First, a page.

This week on the Secret Library, we hear from guest author Emily Owen, who is conducting research into the textile industries of Leeds and West Yorkshire.
Stowed away in the University of Leeds Library is Special Collections – home to everything from rare medieval manuscripts to the notebooks of famous poets like Tony Harrison, and including a collection of multimedia materials known as Leeds Archive of Vernacular Culture (LAVC). For a long time this unique and fascinating material has been somewhat overlooked, remaining a closed collection. The LAVC consists of materials from the former Leeds Institute of Dialect and Folk Life Studies, an institute located at the University of Leeds from 1964 to 1983, and which conducted research into dialect and folk life, seeking to capture traditions, crafts and ways of life that nowadays might seem very ‘back in the day’.
Among this material are four oral history interview recordings, created in the 1980s, which formed the basis of my research project about the history and language of the West Yorkshire textiles industry. These were conducted with former mill and tailoring workers from the twentieth century around Leeds, which was once the centre of Britain’s textile industry.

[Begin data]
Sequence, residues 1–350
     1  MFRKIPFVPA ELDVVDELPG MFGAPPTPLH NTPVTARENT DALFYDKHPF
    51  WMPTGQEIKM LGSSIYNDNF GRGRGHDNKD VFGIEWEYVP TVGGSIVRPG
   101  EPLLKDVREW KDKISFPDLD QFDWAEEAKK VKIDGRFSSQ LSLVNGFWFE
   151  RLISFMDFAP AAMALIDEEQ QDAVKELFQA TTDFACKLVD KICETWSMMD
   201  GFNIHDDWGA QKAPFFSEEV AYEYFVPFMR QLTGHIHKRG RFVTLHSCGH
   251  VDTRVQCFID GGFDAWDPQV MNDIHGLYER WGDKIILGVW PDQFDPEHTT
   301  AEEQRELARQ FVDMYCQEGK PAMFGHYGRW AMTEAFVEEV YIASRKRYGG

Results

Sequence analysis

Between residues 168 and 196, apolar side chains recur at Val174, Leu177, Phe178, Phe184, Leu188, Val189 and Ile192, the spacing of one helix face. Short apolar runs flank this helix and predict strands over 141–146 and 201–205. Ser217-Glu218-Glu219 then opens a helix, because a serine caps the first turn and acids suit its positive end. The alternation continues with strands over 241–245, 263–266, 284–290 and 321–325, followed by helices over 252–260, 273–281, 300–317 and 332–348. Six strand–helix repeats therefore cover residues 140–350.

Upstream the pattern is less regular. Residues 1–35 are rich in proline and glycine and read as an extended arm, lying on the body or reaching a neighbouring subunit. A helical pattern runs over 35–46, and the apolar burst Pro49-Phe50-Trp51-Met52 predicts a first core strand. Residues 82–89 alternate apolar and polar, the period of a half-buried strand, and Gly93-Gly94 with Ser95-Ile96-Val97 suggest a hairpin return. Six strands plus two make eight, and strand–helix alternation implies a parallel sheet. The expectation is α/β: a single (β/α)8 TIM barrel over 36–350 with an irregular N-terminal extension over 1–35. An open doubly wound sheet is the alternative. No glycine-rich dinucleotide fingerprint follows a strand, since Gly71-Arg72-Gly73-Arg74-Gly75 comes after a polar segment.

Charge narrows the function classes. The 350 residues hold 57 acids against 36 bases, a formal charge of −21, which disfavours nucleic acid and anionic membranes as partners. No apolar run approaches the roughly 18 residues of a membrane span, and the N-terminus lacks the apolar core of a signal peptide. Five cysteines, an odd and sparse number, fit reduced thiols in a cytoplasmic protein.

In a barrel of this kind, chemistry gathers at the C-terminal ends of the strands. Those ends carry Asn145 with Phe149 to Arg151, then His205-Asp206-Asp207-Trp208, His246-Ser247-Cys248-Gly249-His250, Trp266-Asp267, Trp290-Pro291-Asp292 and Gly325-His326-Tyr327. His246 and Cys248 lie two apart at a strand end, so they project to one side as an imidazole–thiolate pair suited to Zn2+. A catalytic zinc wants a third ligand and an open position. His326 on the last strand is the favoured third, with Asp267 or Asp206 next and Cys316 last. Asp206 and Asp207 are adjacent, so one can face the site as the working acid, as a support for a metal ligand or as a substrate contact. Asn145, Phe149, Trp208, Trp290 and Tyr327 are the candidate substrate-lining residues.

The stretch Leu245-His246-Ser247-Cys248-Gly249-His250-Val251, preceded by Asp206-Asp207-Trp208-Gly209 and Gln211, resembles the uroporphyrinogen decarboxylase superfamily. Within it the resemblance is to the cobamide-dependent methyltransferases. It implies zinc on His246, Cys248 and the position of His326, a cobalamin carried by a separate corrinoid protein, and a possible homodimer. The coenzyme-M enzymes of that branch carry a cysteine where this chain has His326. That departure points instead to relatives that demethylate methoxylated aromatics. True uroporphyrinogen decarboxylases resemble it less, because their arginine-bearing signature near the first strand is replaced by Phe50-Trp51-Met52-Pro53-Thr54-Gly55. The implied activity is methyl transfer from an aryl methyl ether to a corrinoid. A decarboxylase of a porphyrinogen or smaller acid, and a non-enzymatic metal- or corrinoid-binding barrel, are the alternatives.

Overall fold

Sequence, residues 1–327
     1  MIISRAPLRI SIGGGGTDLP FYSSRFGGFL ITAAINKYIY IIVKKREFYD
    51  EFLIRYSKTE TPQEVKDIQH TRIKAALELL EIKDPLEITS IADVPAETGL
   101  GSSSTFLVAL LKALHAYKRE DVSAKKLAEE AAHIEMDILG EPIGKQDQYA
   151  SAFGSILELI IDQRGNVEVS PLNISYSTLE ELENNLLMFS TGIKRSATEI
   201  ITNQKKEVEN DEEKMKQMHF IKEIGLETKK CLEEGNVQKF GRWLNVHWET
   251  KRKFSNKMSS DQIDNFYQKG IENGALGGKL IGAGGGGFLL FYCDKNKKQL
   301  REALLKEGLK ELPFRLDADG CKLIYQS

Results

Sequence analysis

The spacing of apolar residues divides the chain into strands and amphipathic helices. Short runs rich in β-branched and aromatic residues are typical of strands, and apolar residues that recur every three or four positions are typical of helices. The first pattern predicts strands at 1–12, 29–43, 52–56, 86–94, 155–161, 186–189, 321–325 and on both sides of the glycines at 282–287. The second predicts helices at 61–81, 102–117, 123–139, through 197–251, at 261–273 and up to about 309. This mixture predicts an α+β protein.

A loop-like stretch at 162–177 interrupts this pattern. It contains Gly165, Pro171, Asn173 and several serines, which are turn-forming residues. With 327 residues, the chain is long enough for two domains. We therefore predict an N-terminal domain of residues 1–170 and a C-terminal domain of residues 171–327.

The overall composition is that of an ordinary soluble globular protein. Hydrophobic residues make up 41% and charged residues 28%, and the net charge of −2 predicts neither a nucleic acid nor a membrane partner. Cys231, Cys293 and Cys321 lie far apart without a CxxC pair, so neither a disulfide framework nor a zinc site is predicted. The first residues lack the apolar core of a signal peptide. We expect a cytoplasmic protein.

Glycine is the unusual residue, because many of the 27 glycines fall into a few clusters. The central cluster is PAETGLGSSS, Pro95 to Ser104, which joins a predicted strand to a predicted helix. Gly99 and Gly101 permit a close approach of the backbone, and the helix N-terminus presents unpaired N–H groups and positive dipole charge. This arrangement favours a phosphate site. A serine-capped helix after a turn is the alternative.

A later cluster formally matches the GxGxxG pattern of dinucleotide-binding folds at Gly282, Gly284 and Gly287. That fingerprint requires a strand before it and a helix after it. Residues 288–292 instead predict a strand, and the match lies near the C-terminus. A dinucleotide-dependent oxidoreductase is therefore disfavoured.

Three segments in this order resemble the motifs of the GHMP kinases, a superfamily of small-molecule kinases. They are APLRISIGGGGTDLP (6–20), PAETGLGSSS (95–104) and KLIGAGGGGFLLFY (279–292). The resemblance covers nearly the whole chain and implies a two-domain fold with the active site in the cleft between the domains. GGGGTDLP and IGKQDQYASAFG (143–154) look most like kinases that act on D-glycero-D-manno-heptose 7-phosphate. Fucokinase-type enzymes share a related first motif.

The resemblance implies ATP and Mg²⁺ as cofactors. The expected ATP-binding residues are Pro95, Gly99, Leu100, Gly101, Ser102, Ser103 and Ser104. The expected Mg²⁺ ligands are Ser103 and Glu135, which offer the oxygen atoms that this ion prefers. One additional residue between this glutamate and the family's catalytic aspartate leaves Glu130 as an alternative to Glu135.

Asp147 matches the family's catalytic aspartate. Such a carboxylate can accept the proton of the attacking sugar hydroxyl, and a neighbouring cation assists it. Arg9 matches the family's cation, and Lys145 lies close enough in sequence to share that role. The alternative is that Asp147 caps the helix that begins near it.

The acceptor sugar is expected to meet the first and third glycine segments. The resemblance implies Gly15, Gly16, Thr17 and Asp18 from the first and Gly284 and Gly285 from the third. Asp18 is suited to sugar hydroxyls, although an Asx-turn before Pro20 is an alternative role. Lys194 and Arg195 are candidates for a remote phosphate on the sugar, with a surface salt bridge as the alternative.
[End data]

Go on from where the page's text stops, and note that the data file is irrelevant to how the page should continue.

These recordings in the LAVC include the testimony of a former cutter at the tailors, Burton’s, who talks about the practical jokes the cutters would play on one another to break up the monotony of the job (one involving hiding a dead mouse between the layers of cloth). Another was with a woman who worked as a winder at Yates mill on Broad Lane, Bramley, which was one of the mills that supplied Burton’s with the worsted cloth to make their suits.
While there were stories of hardship, poor wages and long hours in these interviews, one thing that shone through all of them was the sense of comradery between the speakers and their fellow workers, with one woman saying the company was what make it enjoyable for her and what she missed most. Yet these interviews are also a window onto another time, with all of the speakers coming from relatively poor upbringings and growing up in the 1910s and 1920s. There were comments of eight or ten houses sharing a lavatory, or one man going around barefoot as a child until he was given his first pair of boots at the age of eight – things that are unthinkable for today’s generation of children in Leeds.